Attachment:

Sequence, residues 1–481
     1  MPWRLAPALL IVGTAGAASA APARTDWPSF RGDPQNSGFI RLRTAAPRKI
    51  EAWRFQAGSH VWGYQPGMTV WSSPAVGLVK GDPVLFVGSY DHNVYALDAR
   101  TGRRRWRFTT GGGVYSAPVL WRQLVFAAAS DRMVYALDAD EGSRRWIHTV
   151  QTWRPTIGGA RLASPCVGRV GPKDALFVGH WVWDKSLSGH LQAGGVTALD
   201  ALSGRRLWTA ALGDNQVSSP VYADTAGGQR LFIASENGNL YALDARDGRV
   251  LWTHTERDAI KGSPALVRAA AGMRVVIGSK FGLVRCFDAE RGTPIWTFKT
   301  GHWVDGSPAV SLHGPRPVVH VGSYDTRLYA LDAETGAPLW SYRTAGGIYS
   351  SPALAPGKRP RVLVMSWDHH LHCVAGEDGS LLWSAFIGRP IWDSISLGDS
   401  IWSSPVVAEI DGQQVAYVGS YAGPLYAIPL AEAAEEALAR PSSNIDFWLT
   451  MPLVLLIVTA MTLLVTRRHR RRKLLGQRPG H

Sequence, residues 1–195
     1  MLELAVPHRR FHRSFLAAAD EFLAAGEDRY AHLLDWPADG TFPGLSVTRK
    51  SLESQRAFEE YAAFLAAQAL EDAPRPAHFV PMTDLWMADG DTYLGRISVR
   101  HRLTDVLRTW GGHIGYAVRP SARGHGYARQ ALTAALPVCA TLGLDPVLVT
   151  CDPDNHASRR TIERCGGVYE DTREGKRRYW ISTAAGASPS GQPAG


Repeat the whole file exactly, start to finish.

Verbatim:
Sequence, residues 1–481
     1  MPWRLAPALL IVGTAGAASA APARTDWPSF RGDPQNSGFI RLRTAAPRKI
    51  EAWRFQAGSH VWGYQPGMTV WSSPAVGLVK GDPVLFVGSY DHNVYALDAR
   101  TGRRRWRFTT GGGVYSAPVL WRQLVFAAAS DRMVYALDAD EGSRRWIHTV
   151  QTWRPTIGGA RLASPCVGRV GPKDALFVGH WVWDKSLSGH LQAGGVTALD
   201  ALSGRRLWTA ALGDNQVSSP VYADTAGGQR LFIASENGNL YALDARDGRV
   251  LWTHTERDAI KGSPALVRAA AGMRVVIGSK FGLVRCFDAE RGTPIWTFKT
   301  GHWVDGSPAV SLHGPRPVVH VGSYDTRLYA LDAETGAPLW SYRTAGGIYS
   351  SPALAPGKRP RVLVMSWDHH LHCVAGEDGS LLWSAFIGRP IWDSISLGDS
   401  IWSSPVVAEI DGQQVAYVGS YAGPLYAIPL AEAAEEALAR PSSNIDFWLT
   451  MPLVLLIVTA MTLLVTRRHR RRKLLGQRPG H

Sequence, residues 1–195
     1  MLELAVPHRR FHRSFLAAAD EFLAAGEDRY AHLLDWPADG TFPGLSVTRK
    51  SLESQRAFEE YAAFLAAQAL EDAPRPAHFV PMTDLWMADG DTYLGRISVR
   101  HRLTDVLRTW GGHIGYAVRP SARGHGYARQ ALTAALPVCA TLGLDPVLVT
   151  CDPDNHASRR TIERCGGVYE DTREGKRRYW ISTAAGASPS GQPAG